Wednesday, February 6, 2019

Why Objective-Smalltalk is (not) a Smalltalk

One of the main goals of Objective-Smalltalk is to make it possible to express programs in mixtures of diverse architectural styles, and variations of those styles, naturally and comprehensibly. That needs a mechanism that abstracts from any specific style, while at the same time accommodating all, or at least a wide variety of styles.

I don't know how to do that.


A Smalltalk

Since I don't know how to do that yet, I can't build what I need, and since I can't build what I need I can't experiment with it and learn how to do what I need to do.

Instead of waiting for divine inspiration, designing something from thin air (that will obviously be perfect) or just throwing my hands up in despair, I need to pick some starting point from which I can start iterating. In terms of styles, there are a few to choose from, for example call-return, pipes-and-filters and REST. Call-return seems like an obvious choice, because it is something that is familiar, has widespread support and is very capable of implementing other styles.

Objective-C would have been a pleasant choice: I am very familiar with it and it is very suitable for building architectural and language adapters. This suitability is not an accident either, connectivity was the primary design goal, and the designers succeeded admirably given the constraints.

However, Objective-C also has significant drawbacks as a starting point: having already merged two languages, Smalltalk and C, it is rather large and unwieldy, with weird overlaps and other oddities. Being a superset of C, it also pretty much demands being compiled, whereas I want at least the option of interpretation.

WebScript would be an alternative, but it is not just dead, but also proprietary. It also very closely mimics the somewhat baroque Objective-C syntax, but without the actual reasons for those syntactic compromises or the benefits that this sacrifice brings in Objective-C.

These and most other existing language choices would mean extending an existing language, grammar and implementation, meaning that the architectural features of the language would be almost certainly be 2nd class citizens, being tacked on wherever they can fit. That's not a good starting point (see: Objective-C).

So it really had to be a brand new language, one whose syntax and semantics would be under full control, and a syntactic starting point for the procedural part of that language. For this, I don't know of a better choice than the Smalltalk (keyword) message syntax. The syntax itself is tiny, with almost no reserved words or special characters reserved by the language, and almost all "language" features implemented as objects and messages without special syntax.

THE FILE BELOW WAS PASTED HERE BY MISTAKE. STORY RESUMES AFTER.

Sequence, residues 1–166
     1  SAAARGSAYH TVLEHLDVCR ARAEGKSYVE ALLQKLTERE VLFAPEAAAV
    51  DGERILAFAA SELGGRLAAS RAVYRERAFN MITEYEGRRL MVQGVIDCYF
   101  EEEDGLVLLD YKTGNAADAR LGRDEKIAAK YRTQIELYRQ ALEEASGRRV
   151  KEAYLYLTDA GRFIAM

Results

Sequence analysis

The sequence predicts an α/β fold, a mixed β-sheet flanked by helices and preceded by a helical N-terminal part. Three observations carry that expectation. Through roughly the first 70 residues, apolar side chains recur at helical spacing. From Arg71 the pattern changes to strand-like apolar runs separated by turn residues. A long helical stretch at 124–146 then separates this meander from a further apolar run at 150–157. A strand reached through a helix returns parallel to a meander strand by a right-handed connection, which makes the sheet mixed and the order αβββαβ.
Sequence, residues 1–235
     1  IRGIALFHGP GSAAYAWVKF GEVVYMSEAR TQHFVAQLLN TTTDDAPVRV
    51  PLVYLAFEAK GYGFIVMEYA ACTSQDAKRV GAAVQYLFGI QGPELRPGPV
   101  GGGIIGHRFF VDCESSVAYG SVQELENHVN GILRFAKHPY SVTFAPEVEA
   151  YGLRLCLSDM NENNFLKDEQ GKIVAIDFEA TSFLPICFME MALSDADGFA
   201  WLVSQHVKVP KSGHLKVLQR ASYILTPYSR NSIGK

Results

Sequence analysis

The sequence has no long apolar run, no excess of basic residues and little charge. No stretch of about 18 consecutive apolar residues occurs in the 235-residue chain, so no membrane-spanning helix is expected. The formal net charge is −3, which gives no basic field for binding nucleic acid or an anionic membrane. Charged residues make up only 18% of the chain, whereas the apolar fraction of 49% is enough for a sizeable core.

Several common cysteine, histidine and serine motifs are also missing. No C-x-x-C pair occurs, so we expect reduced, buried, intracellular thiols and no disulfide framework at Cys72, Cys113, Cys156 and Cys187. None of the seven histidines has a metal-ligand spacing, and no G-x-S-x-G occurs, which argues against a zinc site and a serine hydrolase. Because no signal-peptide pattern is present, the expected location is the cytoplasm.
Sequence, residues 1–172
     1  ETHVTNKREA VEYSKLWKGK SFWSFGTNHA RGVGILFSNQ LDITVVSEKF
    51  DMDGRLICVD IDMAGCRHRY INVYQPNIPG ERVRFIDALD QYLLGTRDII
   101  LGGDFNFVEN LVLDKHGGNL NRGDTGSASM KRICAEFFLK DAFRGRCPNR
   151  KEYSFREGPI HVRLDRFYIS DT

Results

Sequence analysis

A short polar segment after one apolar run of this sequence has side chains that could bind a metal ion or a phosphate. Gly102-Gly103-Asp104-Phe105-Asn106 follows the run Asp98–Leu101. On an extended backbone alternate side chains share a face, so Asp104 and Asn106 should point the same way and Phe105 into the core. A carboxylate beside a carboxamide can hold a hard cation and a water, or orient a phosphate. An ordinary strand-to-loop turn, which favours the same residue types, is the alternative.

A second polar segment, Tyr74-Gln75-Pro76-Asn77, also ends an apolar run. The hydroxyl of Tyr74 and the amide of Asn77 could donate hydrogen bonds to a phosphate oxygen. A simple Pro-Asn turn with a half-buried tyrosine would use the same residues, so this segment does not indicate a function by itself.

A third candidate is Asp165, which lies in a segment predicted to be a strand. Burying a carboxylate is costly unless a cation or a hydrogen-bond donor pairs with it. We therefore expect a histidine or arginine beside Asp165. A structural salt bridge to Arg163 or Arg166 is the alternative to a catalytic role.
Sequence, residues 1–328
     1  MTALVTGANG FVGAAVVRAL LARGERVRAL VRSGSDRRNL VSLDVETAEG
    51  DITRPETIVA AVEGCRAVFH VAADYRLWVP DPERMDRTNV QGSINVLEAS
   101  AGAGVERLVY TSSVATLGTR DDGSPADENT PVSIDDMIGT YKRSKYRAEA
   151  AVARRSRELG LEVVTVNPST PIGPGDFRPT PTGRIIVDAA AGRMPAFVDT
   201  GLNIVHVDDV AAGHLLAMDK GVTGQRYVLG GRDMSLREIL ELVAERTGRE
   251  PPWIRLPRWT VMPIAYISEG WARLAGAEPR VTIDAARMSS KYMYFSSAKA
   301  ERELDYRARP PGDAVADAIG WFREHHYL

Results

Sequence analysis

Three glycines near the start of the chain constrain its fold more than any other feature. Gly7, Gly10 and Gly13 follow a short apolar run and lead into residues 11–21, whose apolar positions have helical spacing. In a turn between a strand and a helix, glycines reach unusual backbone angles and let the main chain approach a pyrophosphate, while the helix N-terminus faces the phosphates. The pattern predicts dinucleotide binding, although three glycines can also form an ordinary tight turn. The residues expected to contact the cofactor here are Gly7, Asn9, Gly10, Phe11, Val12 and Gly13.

Having the procedural base as trivial as possible to implement is important, because I don't want to spend too much effort on it. I have (much) bigger fish to fry. Smalltalk also integrates well conceptually and syntactically with Cocoa and Objective-C, my preferred environment, a point not lost on the plethora of Smalltalk-based scripting languages available for Cocoa and GNUstep. And having a rich environment to integrate with is important for a language intended to connect existing pieces, which is what an architectural language does, or should do.

Not a Smalltalk

So given all the arguments for Smalltalk, surely Objective-Smalltalk is based on one of the existing Smalltalks, such as Squeak, enjoying the great development environment, malleable infrastructure etc.

Not so fast.

Although Smalltalk fits very well conceptually and syntactically, it doesn't fit at all well technically. It generally runs in its own world, the image, requires a complex and sophisticated VM, with all the integration headaches that entails (FFI, JNI, etc.), and comes with and requires a GC. Integrating multiple tracing GCs is essentially an unsolved problem, so that's a bit of a downer for a language that wants to be able to glue existing pieces together.

The philosophy of current Smalltalks is the exact opposite: it wants to be the entire world. This is understandable: when Smalltalk was created there simply wasn't a "rest of the world" to talk to, and there certainly wasn't room for it on the same machine, an Alto with 128-512KB of RAM and a 2.5MB removable hard disk.

A current Smalltalk has a lot of code, and communities that think it's just the greatest thing on earth, so resistance to change is significant and reasonable, both to smaller changes, because they just aren't worth it in that context, and to larger changes because they make things just too different. However, I want to make both large and small changes and not be hobbled by linguistic backwards compatibility.

[..] when ST hit the larger world, it was pretty much taken as "something just to be learned", as though it were Pascal or Algol. Smalltalk-80 never really was mutated into the next better versions of OOP. Given the current low state of programming in general, I think this is a real mistake.
Alan Kay: prototypes vs classes was: Re: Sun's HotSpot

So Objective-Smalltalk takes cues from Smalltalk where this is helpful, but it is not really a new version of Smalltalk. It's not a "better old thing" (>45 years), but a (probably worse) "new thing", and for that reason it has to strike out on its own.

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